Their mother, uneducated, poor and with no agency, is left to tend to the house and the children. Through Apu & Durga’s eyes the reader journeys through the seasons and time. It is a reminder of the vicious cycle of poverty and the deep pits it throws its victims into. The innocent and sublime lives of children are moulded in ways that age them faster.
Through the book as the story progresses, characters come and go. But the family and the weight of their circumstances remain, shackling them to their poor luck. It would be condescending of me to say I loved this book. It felt more like coming face to face with a literary great, as one may speak of Marquez or Toni Morrisson. An immense work, and such a way to start this year’s reading.
I did a talk at work where I talked about 5 books that made me a better Program Manager. So I thought I would share them here for non-fiction lovers. These are just captioned with the notes I made for myself as talking points!
The importance of building and nurturing an open and transparent culture
Importance of OKRs – of setting and demonstrating that we are making progress
Examples from consultancies, finance, telecom, manufacturing – bringing in the best of lateral thinking
All about receiving feedback effectively – personal & professional
What are our triggers, how are we uniquely wired
Turn feedback into actionable items and move forward
How can we give feedback better
Find her hugely inspiring
Career is a jungle gym (so true for TPMs) who have a wide variety and diversity of backgrounds
Specifically helpful for women, but also anyone else who is ‘not the norm’
Everyone who wants to be an ally or is raising kids should read it
Stereotypes and how important they are in shaping our sense of self
Mentors and how important they are in shaping our sense of self
How she negotiated her FB offer, the initial years of hosting important people and her TED talks
But also some special reflections, anecdotes and people from the early days of FB
A lot of work I have done in my career is zero-to-one
Requires being comfortable with ambiguity
When I built and ran my own startup I followed – how to compensate, how to hire, who to hire, how to price.
Zoom out and take a big picture view
Ask the big hard questions when the detail isn’t clear
What is our vision, our north star and why should we care?
How does what I do fit in with the wider society and humanity.
How can we inspire those around us and those that come after us
“We never really know where the next great scientific discovery will come from, nor who will make it. Opening up the thrill and wonder of scientific discovery, creating innovative and accessible ways to reach out to the widest young audience possible, greatly increases the chances of finding and inspiring the new Einstein. Wherever she might be.
So remember to look up at the stars and not down at your feet. Try to make sense of what you see and wonder about what makes the universe exist. Be curious. And however difficult life may seem, there is always something you can do and succeed at. It matters that you don’t just give up. Unleash your imagination. Shape the future.”
During the height of the pandemic last year, I went through a phase of watching book talks, interviews and opera that was all put online through the generosity of arts organisations. It was during this time that I watched Evaristo being interviewed by Sturgeon at the Edinburgh Book Festival. By this point, this book had already won the Booker, George Floyd’s dying words had brought systemic rasicm to the forefront, and people were starting to understand ‘intersectionality.’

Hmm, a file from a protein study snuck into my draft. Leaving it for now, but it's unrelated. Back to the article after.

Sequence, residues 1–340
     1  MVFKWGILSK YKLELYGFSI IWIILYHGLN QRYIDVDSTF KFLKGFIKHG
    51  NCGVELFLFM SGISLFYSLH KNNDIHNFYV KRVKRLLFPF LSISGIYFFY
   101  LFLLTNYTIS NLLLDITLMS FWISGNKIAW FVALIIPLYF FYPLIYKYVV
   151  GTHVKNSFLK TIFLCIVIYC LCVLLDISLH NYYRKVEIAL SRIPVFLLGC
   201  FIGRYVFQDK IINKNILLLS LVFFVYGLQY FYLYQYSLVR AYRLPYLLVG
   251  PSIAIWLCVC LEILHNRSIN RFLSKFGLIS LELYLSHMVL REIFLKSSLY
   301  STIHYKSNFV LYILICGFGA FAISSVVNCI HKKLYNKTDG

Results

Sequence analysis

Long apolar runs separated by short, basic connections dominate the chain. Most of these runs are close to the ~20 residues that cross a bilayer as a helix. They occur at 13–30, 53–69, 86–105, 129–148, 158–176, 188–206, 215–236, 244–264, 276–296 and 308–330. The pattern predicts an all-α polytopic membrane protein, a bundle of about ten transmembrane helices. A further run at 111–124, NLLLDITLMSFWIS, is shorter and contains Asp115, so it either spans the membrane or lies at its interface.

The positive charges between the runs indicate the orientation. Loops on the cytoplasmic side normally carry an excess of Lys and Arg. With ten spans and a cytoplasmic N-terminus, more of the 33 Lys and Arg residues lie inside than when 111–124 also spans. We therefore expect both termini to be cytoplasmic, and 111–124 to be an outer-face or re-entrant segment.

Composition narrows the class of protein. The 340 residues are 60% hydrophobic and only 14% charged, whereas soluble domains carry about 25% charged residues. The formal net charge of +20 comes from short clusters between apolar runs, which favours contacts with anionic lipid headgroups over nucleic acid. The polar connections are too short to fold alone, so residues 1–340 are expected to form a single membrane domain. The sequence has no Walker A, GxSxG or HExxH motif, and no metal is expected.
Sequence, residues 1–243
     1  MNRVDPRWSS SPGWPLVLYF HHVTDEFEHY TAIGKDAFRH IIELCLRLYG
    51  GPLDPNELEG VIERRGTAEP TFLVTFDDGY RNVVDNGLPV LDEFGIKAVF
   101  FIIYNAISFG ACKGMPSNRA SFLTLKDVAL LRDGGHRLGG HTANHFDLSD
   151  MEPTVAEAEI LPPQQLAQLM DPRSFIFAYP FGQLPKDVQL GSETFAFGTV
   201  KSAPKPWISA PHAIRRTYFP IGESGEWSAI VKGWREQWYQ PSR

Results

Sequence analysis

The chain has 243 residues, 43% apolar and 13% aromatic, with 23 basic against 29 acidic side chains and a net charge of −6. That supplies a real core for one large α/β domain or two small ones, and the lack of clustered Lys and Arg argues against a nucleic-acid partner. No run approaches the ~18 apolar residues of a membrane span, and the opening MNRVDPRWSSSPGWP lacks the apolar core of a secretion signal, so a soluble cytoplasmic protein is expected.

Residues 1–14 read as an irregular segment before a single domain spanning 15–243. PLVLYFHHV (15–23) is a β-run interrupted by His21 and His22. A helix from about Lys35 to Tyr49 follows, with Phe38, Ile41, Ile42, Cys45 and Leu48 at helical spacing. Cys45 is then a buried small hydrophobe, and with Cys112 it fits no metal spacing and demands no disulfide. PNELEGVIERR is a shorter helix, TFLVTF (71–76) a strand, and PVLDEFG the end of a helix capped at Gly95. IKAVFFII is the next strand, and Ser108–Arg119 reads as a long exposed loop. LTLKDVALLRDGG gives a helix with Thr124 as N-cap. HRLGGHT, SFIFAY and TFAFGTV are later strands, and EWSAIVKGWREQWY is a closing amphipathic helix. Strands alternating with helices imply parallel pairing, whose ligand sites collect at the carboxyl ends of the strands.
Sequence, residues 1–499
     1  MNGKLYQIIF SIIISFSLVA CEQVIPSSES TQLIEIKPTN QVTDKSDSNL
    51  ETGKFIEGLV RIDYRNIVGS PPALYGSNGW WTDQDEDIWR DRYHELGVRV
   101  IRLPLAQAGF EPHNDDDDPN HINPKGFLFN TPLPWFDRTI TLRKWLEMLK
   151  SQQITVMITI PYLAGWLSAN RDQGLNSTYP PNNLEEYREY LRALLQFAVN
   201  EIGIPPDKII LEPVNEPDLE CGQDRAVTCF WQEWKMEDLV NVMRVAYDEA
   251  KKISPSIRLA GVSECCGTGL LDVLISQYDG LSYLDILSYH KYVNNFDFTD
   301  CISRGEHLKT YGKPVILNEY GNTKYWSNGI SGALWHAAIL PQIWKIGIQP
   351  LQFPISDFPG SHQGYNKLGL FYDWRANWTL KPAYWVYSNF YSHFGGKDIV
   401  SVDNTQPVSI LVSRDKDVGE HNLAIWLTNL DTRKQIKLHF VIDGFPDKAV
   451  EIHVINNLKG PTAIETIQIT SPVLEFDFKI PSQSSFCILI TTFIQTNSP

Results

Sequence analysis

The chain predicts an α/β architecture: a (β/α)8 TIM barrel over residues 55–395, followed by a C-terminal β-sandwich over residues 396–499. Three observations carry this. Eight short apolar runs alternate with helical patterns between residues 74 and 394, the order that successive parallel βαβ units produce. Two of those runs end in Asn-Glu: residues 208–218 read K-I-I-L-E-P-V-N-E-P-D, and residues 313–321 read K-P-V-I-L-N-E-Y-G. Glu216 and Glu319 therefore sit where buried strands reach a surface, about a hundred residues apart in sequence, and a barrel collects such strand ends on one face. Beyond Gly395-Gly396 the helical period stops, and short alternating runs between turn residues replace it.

This book deals with the lives of 12 black women and the stories of their lives. Some of them are related to another, while others are not. But regardless, each woman’s story completes a full arc. We start somewhere in the middle, getting acquainted to them only in the throes of their lives, and then a backstory unfolds. Evaristo’s prose gives these women depth and layers, and the readers are invited to partake in their most intimate thoughts.
Personally, there have been more Booker-winning-books that I have disliked than liked. However, I have to say, I really enjoyed this one. The characters felt both distant and familiar. And the combination of their identities, sexualities, ambitions and religions made for a heady concoction that never bored.
As with all books that have a plethora of characters, it is natural to side with one. And for me that was Penelope. For some reason, her story intrigued me, and I sympathised with her poor life choices and the suffering that resulted from it. You’ll have to read the book to really find your own favourite character, and until then, I’d recommend you watch the interview video too.
Only 21 women hold the position of Head of state out of 193 countries. In total, only 60 women have ever held the position worldwide. Data shows consistently that women in leadership positions fare better, build more sustainable societies and are more decisive. And yet, due to societal frameworks, few women are afforded the privilege. Nicola Sturgeon, the First Minister of Scotland, is one such woman.
I have been in the same room as her multiple times, but I have met her only twice. It so happened that they were both within a span of three weeks. When I ran into her the second time, she knew exactly who I was, commented on it, and remarked on where we’d met three weeks ago. Coming from a head of state who had met hundreds of people in the interim, I was amazed at her memory recall, her sharpness, and her intelligence. I do not agree with everything that her party stands for, but as a leader, I admire her immensely.